"Prove it!"- that screeching sound I hear from a lot of people of quite an adult age. Skepticism is supposed to be a virtue of the seemingly objective person. It can play tricks on you though. Primarily when it comes to honesty. Like for instance I don't mind trying to logically prove that climate change is real and at least partially due to human activities if the inquisitor asks for proof o of other things from other people. It would be nice to hear a reasonable proof of the necessity of the wars in Iraq and Afghanistan from those who unleashed them; it would be really perfect to see the proper investigation of 9/11. For some strange reason many so-called objectivists are ready to embrace the most bizarre, totally subjective explanations as soon as those come from people of power and influence and at the same time -- they demonstrate unreasonable skepticism and even contempt towards those who express a perfectly legitimate hypotheses. Really, folks, we all must agree that there are about 7 billion humans now on the planet; we by far exceed other species, we are the only ones who exploit the planet for our own immediate needs while not giving anything back, we are engaged in processes which are by thermodynamics' definition unnatural and thus would not it be feasible at least to consider that human mind had evolved enough to see that a human could be in fact an enemy of humanity sometimes, when he, the human is carried away? That's perfectly objective and reasonable. And even if you somehow do not believe that climate change is happening right now you cannot fully dismiss the human influence on the environment just because you want to breath and humans so far had not found any way to generate breathable air. In any case, an objective person should treat the climate issue as a new, even exciting challenge for Humanity, the meeting of which might bring us all to new horizons. No proof is needed here, just common sense. And that's how other people look at it. Not in our country though.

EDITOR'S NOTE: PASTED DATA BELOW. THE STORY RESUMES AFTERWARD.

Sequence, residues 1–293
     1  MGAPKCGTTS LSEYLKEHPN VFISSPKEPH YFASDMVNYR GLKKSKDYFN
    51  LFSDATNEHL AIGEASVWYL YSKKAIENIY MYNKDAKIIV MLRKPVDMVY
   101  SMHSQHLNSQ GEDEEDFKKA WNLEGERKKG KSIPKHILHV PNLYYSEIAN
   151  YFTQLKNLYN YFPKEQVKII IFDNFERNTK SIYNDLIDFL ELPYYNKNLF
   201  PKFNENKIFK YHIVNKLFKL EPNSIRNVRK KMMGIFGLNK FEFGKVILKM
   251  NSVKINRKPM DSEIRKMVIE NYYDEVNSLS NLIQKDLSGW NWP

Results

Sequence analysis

In this country the opposition to the climate change idea is far beyond the simple "prove it' stuff. It is vehement, hysterical, paranoid. It is so fierce that by any means it seems to be about something much deeper, more important, more subjective that just some scientific argument. There seem to be a real fear involved. There are two components in this fear: one subjective and one -- objective. The subjective one is simple and common- people do not like the doomsday scenarios at their doorstep and even less they like those who bring the news. We are all like that- no exceptions. After the denial period blows off, though we usually accept the reality and try to make a lemonade out of that lemon. Our European friends seem to have recovered remarkably fast and the renewable energy market is up for grabs. In any case, this aspect is quite natural. That is the objective one which is much more sinister. Objectivity is associated with a real fact which we here in America are all aware of but pretend that we don't know anything about it. That fact is that we, the US folks are the worst destructionists and polluters of environment (granted, mostly we do that not on our territory) in the whole western world and that we had got away with it for an unbelievably long time. Paraphrasing the Declaration of Independence I hold this truth to be self- evident that the US pathologically consumptive way of life is due to the misfortune and misery of the people in the world and to the deliberate destruction of their habitat, thus also of their self- reliance. They do not hate us, though. They despise us for our criminal immaturity; we know that and we hate them for it.
This subjective hate of the emotionally- challenged nation is subjective to the core but the fear itself is certainly real. We want our illusion to proceed while the house of cards is crumbling right before our eyes.
That's why we shout "prove it': we, who had never proved anything to anyone on equal grounds are now the target of the same approach and we do not like it. We do not like it at all.
Subjectivity and objectivity proved here to be the two sides of the same coin; also we again see that both of those things can be legitimate and useful as well as malicious and destructive, depending on who, how and where.
3. Subjectivity rocks where honesty rules